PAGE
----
Fix Windows font display problems with the right remedy

In the process of using the computer, sometimes we will encounter some font display problems, such as some fonts in the system display is incomplete, or some files open into a garbled code. The following author will combine some common font display problems, analyze the causes and introduce the corresponding solutions.

Failure 1: System font display is incomplete

If the interface fonts of some programs suddenly appear incomplete when the system is in normal use, most of them are caused by Windows font cache errors. The solution is to reset the current Windows font cache. You can first find the font cache service “Windows Font Cache Service” and stop it (Figure 1). Then start Powershell as administrator and execute “Get-ChildItem -Path C:\Windows\ServiceProfiles\LocalService\AppData\Local\FontCache -File | foreach { $_.Delete()}” and “Remove-Item C:\Windows\System32\FNTCACHE.DAT” commands to clear the font cache file (Figure 2). Finally, restart the “Windows Font Cache Service” service.




If there is a problem with all screens on the system, then the problem may be caused by damaged system files. You can try to scan the system and repair the system files using the commands “SFC /scannow” and “DISM /Online /Cleanup-Image /RestoreHealth”.

Failure 2: After installing and uninstalling fonts, the system or part of the software interface font display problems

In order to beautify the system, some of you will install many fonts in the system. However, since some font files may not be compatible with Windows 10, so it will be easy to malfunction when calling that font display. In this case, you can try to restore the default settings of fonts to solve the problem.

Open “C:\Windows\Fonts” and click “Font Settings” in the left pane, then click “Restore Default Font Settings” in the opened settings window (Figure 3). Figure 3). Then the system will use the default font to display, for example, the system interface and menu will use the “elegant black” font to solve the display problems caused by using non-default fonts in these interfaces.


However, to restore the default settings, you need to have the corresponding font files on your system. If some of you delete the font file when optimizing the system, it may cause the system interface or program menu to display the “mouth” symbol (Figure 4).


At this point, you can extract the system font file from the installation image to recover it. For example, you can first load the Windows 10 installation ISO file into the virtual CD-ROM drive, then use 7-Zip to open the “H:\sources\install.wim\1\Windows\Fonts\” directory (assuming the disk letter of the virtual CD-ROM drive is H: ) and extract the The font files can be extracted to the “C:\Windows\Fonts” directory (Figure 5).


Failure 3: Display failure caused by files using different encoding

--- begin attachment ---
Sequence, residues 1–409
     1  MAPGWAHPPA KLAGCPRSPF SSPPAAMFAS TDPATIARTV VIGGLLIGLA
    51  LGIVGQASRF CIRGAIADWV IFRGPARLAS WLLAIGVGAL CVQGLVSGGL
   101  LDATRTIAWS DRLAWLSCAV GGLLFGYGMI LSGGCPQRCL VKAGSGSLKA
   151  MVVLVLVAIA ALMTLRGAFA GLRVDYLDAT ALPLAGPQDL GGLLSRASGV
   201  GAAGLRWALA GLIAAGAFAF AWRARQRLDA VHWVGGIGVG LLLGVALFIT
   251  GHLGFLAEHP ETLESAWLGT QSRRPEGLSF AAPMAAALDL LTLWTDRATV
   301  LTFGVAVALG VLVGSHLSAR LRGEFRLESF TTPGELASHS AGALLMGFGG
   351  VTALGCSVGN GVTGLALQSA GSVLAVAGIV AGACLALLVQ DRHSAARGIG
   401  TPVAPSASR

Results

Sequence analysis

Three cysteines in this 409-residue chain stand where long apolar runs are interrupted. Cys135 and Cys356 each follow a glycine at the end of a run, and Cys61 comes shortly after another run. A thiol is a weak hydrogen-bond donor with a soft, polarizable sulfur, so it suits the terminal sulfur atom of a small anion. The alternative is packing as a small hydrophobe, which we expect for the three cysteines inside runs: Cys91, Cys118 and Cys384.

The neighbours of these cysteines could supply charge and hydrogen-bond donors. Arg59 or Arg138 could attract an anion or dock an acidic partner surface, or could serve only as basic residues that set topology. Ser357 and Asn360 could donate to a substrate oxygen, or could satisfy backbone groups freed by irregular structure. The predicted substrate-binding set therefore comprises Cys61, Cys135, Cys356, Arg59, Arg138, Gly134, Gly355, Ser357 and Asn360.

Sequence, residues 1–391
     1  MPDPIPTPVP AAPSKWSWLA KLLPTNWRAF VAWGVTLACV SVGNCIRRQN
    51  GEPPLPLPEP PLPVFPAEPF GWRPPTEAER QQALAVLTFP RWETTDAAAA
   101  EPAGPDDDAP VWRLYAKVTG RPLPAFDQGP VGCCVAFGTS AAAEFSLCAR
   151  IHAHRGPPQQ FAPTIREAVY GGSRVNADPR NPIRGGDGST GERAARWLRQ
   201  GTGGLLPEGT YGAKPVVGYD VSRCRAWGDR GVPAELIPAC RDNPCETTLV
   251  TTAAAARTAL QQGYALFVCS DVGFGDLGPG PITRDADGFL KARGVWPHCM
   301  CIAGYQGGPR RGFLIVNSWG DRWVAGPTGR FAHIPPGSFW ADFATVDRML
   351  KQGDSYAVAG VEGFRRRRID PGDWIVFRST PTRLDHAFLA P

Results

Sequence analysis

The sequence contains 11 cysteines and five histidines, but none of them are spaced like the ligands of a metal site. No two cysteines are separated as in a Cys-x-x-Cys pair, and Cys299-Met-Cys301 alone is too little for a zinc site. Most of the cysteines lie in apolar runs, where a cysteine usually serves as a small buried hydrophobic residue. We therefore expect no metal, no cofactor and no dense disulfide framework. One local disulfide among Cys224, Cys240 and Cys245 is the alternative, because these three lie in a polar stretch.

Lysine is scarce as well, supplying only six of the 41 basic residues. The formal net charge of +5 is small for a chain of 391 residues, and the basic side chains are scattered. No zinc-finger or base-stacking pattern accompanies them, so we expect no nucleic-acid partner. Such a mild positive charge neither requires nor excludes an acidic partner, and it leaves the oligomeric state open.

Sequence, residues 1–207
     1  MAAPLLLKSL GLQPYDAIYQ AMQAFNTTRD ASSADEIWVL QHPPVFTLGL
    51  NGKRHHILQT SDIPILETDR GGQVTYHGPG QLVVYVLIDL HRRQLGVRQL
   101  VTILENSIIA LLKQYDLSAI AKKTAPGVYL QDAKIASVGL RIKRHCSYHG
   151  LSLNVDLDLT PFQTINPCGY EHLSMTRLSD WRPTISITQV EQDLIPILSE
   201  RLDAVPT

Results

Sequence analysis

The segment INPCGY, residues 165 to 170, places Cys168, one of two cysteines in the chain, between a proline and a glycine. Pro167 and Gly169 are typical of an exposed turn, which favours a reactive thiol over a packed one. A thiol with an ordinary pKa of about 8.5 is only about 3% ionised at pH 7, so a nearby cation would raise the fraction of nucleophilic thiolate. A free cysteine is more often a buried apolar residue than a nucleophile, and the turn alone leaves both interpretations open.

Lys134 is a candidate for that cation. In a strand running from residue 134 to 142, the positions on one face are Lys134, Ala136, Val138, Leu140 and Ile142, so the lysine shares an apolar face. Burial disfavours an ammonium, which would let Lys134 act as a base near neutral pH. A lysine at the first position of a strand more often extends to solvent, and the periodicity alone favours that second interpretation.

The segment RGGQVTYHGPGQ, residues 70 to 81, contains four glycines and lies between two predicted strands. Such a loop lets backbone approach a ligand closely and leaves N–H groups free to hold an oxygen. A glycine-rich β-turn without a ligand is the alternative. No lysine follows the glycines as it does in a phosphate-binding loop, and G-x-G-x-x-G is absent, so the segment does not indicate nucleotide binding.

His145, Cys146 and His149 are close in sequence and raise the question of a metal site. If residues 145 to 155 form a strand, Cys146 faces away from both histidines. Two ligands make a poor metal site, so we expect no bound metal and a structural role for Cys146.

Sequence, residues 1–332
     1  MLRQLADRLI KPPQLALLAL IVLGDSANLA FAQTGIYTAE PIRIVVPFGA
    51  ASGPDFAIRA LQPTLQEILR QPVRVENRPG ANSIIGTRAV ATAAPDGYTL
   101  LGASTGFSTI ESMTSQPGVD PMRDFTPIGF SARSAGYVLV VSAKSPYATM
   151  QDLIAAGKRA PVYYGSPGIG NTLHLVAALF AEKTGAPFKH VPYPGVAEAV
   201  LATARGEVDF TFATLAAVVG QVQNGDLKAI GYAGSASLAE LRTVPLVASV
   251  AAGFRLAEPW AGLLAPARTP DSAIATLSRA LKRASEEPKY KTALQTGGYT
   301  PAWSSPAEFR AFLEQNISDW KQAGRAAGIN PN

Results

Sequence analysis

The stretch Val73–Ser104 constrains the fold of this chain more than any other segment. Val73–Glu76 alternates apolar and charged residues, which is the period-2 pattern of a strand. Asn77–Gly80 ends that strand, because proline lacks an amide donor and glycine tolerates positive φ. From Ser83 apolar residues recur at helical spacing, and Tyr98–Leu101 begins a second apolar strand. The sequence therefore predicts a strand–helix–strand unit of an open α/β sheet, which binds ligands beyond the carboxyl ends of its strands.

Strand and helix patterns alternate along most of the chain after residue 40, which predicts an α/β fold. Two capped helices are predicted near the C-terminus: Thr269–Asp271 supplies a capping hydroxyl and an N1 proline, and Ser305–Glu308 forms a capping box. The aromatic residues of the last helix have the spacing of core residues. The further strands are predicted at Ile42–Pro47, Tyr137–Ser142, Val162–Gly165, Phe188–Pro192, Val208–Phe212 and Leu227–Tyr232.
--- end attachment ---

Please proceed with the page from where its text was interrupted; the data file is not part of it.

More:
The program associated with a file by default can open and display the file normally due to the corresponding fonts and codecs built into the program. However, in daily operation, as each program uses different default encoding, different encoding can easily lead to decoding problems. For example, I used Notepad to open and edit a TXT document in Windows 11, but when I used Notepad to open it again in Windows 10, it showed a bunch of garbled codes (Figure 6).


The reason for this is that when saving with “Notepad” in Windows 11, the program uses the “UTF-8” encoding by default (you can also see the UTF-8 characters displayed at the bottom of Figure 6), and the font encoding is used after saving “UTF-8” (Figure 7).


However, Windows 11’s Notepad program will add a BOM code (special character, not visible) to the header of the TXT file after saving it with “UTF-8” encoding. The Windows 10 Notepad program does not have the ability to adjust the encoding, so it cannot correctly identify the BOM code, which results in garbled code. The solution is to use other programs that can adjust the encoding to open, for example, you can use Word to open the above messy file, in the pop-up text conversion window, select “other encoding → Unicode (UTF-8)”, you can normally display the text (Figure 8).


in Word after the normal opening of the document, press the “Ctrl + A” shortcut to select the text, copy it to the Notepad program and save, set the encoding in the Save window to “ANSI”, so that you can display the text normally.


The Notepad program will remember the last encoding you chose by default. Therefore, if the last encoding you chose in Notepad was “UTF-8”, you must remember to set it to “ANSI” when you save the text next time. If you use “UTF-8” to save a TXT file, when you send it to your friends via QQ, they will often show garbled code when you open it. The solution is to let your friend open it in Word, or save it as “ANSI” encoding and then pass it on.

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